While there has been broad support for building an ocean-outfall pipe at Bay Park, officials for years have been stymied in their search for the sources of the money to pay for it.

Even when the estimated cost of construction dipped to $450 million, the county has still come up short in finding a patchwork of funding for the outfall. The state has said it would direct $150 million in federal Hazard Mitigation Grant Program money toward Bay Park, and Gov. Andrew M. Cuomo dedicated $5 million toward the outfall in the 2016-17 state budget.While the county earlier had said it would consider commiting $150 million for the outfall pipe, Mangano said the amount the county would contribute to the new proposal was yet to be determined.

“Once this alternative will be studied, we have an actual amount that we need to fund and we can then answer that question as to whether we have to seek further funding or the existing commitments would fund it,” Mangano said. “That can’t be determined until we know the exact costs involved.”

The DEC indicated on Thursday that previous funding committed to the outfall pipe could be used to support the new proposal.

Judith Enck, regional administrator for the U.S. Environmental Protection Agency, said her agency needed to confer with state and county officials about the idea.

“Anything that stops the massive nitrogen loading into the Western Bays is a good idea,” Enck said, adding that she felt nitrogen removal would need to be discussed.

“On one hand, it’s intriguing,” she said. “On the other hand, we need to know the schedule and we need to know the amount of nitrogen reduction that will take place.”

Nitrogen in the effluent from Bay Park, which serves 500,000 people, has caused severe environmental damage to Reynolds Channel in the Western Bays, a series of waterways that are part of the South Shore Estuary Reserve.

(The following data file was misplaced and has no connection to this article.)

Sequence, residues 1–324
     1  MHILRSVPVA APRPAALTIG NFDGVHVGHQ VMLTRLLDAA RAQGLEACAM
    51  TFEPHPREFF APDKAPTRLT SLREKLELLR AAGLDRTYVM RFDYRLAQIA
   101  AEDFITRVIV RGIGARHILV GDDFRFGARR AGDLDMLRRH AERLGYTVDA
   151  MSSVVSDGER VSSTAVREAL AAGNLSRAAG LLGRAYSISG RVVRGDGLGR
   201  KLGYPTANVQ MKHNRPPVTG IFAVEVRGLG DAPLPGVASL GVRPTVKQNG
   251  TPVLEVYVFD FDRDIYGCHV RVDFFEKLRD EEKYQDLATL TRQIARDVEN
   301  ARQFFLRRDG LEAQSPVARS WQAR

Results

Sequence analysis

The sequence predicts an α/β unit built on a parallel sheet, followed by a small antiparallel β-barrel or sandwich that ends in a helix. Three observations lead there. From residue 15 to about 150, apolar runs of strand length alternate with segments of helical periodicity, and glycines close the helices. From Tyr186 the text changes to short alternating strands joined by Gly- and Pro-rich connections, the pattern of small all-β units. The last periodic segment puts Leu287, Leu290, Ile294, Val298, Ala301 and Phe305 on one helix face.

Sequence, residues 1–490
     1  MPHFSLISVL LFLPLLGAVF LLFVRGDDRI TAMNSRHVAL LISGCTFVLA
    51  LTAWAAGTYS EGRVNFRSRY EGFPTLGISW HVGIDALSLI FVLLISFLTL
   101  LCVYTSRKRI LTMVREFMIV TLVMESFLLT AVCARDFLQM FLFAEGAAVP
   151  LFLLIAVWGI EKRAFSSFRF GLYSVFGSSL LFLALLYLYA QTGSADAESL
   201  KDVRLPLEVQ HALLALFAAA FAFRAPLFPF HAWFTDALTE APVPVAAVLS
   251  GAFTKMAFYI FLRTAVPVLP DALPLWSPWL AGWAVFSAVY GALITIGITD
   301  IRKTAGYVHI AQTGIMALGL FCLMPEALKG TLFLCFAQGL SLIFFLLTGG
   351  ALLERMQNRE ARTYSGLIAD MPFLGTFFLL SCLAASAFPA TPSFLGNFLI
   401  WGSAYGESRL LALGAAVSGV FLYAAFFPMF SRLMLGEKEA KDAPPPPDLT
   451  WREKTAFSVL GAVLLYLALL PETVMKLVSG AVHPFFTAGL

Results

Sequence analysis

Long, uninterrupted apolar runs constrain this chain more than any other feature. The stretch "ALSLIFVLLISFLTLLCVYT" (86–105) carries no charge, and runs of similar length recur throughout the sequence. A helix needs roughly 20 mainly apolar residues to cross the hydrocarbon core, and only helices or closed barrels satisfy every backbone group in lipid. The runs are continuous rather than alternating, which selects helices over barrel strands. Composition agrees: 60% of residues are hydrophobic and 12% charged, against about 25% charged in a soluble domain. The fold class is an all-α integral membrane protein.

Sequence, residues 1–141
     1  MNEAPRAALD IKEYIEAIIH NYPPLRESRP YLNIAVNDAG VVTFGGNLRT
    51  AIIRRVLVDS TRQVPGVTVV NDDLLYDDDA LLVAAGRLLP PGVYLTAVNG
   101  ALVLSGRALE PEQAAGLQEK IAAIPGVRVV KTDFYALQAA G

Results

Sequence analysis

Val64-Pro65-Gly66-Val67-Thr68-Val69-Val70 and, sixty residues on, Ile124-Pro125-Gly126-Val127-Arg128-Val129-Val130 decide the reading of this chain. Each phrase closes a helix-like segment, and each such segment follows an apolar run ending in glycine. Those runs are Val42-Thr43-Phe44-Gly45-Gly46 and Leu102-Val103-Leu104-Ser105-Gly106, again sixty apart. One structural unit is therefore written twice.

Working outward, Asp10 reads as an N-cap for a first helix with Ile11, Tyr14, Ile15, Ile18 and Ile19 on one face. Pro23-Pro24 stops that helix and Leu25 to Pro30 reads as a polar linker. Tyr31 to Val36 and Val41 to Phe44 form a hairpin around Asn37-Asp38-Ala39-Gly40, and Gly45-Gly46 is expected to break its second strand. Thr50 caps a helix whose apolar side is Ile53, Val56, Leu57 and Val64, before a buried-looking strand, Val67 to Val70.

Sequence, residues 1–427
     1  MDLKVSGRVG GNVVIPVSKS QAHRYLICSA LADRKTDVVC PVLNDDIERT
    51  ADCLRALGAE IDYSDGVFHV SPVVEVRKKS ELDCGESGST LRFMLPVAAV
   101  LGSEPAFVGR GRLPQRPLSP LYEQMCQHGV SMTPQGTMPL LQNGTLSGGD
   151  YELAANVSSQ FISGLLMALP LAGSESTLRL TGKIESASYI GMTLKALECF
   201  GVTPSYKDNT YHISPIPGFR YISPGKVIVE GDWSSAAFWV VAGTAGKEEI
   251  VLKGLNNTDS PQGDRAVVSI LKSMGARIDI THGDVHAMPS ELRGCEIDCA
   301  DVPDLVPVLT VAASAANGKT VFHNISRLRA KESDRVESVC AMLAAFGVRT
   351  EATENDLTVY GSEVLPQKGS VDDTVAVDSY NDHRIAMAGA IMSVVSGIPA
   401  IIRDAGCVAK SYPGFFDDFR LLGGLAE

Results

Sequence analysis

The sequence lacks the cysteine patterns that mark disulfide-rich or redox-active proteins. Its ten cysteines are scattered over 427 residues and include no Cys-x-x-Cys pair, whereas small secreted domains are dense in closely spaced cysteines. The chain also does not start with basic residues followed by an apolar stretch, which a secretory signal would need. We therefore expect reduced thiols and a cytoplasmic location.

Nearly three-quarters of the total nitrogen load in the Western Bays comes from the Bay Park plant. The pollutant weakens coastal marshes, which the state has said provide critical natural buffers against wave action during storm events.

Nitrogen-removal systems already are being built at Bay Park, said Michael Martino, spokesman for Suez Water, which operates both Bay Park and Cedar Creek plants for the county.

Once those systems are in operation, scheduled to be complete by 2018, the nitrogen in the effluent would be halved, to about 17 milligrams per liter, he said.

The idea was met with enthusiasm by environmentalists and elected officials.

“This is a very exciting proposal because it appears to be cost-effective while still eliminating the discharge of effluent into the Western Bays, which have steadily deteriorated over the past decades,” state Sen. Todd Kaminsky (D-Long Beach) said in a statement. “While the feasibility of this project must be studied further, I am encouraged by this innovative development.”

Rob Weltner, president of Operation SPLASH, an environmental group in Freeport, called the idea “a very bold move.”

“If it can work and we have an existing outfall pipe that can handle it and it all looks good on paper, it’s gotta go,” he said. “It’s gotta happen.”